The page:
It is. It really is. Today my wonderful editor sent me the Reading Group Guide for EXIT THE ACTRESS. First the Discussion Questions. It was strange and surreal to see the book broken down into discussion topics. To see it quoted and questioned and unthreaded theme by theme? It was marvelous.
Then came the Book Club Activities. Suggestions for recipes and ways to make the two dimensional reading experience a three dimensional practical experience. I actually tried to make several of the recipes--they are all real Restoration era recipes--but they turned out terribly--flat macaroons and fizzy eggs. That is most likely due to my appalling lack of culinary sense rather than a historical hiccup.
And lastly came the Author Questions. I have to send them back next week. I am trying to think of what I would want to know from an author but my mind seems to have gone curiously blank this side of the curtain. How did I choose my heroine, my story, my style? Why, when how, who? It is difficult to convey just how unexpected it all was. The format, the subject, the period. Each element of the story just presented itself as fait accompli without bothering to ask for my input. Like guests who show up at the door with bag and baggage and move right in.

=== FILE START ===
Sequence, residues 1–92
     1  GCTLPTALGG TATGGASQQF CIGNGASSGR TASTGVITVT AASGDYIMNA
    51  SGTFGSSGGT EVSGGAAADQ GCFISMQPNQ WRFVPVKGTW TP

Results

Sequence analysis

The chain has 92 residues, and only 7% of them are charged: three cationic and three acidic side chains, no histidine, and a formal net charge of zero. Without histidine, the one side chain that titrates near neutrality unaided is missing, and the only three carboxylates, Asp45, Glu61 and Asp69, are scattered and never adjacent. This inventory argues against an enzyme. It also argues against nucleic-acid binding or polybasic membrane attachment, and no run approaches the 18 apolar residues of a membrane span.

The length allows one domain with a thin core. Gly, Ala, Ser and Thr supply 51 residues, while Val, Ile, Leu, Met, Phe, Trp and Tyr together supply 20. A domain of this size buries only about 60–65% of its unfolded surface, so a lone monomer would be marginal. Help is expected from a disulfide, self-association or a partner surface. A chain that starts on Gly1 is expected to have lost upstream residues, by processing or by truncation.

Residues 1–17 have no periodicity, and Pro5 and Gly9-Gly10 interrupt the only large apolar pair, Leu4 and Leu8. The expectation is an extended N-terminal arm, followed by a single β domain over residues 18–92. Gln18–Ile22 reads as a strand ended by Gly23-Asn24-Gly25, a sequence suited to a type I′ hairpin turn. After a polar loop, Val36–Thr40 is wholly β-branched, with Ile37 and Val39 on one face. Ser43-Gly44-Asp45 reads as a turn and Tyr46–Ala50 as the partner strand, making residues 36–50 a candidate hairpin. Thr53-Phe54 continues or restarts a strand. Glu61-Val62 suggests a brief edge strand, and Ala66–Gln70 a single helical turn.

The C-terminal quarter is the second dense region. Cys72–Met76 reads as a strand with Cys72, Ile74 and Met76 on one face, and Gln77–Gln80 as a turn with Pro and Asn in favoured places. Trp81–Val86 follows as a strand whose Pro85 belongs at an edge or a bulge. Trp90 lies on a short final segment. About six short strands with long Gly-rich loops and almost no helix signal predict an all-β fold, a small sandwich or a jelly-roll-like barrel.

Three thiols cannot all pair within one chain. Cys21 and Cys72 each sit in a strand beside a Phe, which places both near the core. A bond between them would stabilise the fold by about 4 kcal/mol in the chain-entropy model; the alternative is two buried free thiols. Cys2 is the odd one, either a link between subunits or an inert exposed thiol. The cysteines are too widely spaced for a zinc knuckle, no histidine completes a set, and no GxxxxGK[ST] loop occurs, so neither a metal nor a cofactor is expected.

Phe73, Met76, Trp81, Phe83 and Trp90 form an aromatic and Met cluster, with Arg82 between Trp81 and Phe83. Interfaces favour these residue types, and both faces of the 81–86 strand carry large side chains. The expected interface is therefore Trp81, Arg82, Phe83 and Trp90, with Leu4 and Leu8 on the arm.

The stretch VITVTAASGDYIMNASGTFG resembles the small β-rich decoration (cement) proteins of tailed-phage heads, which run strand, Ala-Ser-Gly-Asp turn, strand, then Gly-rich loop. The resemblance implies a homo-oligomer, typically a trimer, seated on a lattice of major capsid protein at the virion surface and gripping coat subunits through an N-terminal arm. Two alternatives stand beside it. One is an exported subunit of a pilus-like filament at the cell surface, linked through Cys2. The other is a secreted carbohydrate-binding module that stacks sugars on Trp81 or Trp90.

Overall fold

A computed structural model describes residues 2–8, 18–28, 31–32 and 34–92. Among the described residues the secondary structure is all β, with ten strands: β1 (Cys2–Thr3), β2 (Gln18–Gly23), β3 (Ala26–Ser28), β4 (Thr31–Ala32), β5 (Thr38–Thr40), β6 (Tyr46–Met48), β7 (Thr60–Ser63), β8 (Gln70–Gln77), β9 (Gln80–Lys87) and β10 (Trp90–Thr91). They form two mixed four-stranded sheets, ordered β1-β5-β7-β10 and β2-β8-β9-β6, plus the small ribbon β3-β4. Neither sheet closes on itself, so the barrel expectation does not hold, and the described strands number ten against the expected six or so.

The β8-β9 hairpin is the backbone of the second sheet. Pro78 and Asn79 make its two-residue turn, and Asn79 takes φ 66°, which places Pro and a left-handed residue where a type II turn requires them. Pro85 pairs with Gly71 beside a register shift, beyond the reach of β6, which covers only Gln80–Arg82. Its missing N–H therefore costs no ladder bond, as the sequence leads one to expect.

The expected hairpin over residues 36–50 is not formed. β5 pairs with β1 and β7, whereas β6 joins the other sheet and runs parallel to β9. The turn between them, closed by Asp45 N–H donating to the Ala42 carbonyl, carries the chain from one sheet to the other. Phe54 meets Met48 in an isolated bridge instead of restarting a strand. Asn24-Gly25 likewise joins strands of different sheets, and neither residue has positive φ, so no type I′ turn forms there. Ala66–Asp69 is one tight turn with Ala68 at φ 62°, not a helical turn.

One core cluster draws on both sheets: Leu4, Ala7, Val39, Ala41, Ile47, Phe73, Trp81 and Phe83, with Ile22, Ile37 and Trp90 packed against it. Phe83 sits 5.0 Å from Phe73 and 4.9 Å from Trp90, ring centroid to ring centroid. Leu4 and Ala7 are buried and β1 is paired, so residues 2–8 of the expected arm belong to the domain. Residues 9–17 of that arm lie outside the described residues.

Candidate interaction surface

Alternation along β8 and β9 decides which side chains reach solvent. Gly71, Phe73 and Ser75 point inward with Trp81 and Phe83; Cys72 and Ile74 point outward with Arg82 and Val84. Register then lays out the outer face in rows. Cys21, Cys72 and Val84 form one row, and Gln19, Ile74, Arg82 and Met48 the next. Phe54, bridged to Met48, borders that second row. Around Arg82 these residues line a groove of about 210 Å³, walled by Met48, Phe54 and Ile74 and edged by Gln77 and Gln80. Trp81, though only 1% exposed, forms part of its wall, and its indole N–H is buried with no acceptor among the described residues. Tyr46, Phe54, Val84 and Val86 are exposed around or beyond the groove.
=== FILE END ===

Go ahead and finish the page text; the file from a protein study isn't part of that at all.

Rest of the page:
These elements were wonderfully determined. If I tried to throw one out at dinner it would show up at the breakfast table the next day and slurp its tea loudly to show it was not scared. If I tried to invite my one of own friends over to join the plot the elements would put her bags politely on the doorstep and call her a cab. This book wanted what it wanted and ran me over if I got in the way. I really liked that about it.